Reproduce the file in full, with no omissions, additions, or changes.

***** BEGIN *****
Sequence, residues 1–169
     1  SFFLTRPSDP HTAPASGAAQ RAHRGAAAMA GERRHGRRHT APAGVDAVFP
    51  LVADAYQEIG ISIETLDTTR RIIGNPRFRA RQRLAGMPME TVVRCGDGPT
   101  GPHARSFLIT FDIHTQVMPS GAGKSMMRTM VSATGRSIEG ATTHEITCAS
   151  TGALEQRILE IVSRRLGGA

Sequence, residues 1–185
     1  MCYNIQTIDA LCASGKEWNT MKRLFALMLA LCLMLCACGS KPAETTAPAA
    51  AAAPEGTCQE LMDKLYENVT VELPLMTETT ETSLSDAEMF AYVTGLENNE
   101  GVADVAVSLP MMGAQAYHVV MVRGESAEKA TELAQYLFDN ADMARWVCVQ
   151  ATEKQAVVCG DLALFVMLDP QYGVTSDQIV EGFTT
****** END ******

Sequence, residues 1–169
     1  SFFLTRPSDP HTAPASGAAQ RAHRGAAAMA GERRHGRRHT APAGVDAVFP
    51  LVADAYQEIG ISIETLDTTR RIIGNPRFRA RQRLAGMPME TVVRCGDGPT
   101  GPHARSFLIT FDIHTQVMPS GAGKSMMRTM VSATGRSIEG ATTHEITCAS
   151  TGALEQRILE IVSRRLGGA

Sequence, residues 1–185
     1  MCYNIQTIDA LCASGKEWNT MKRLFALMLA LCLMLCACGS KPAETTAPAA
    51  AAAPEGTCQE LMDKLYENVT VELPLMTETT ETSLSDAEMF AYVTGLENNE
   101  GVADVAVSLP MMGAQAYHVV MVRGESAEKA TELAQYLFDN ADMARWVCVQ
   151  ATEKQAVVCG DLALFVMLDP QYGVTSDQIV EGFTT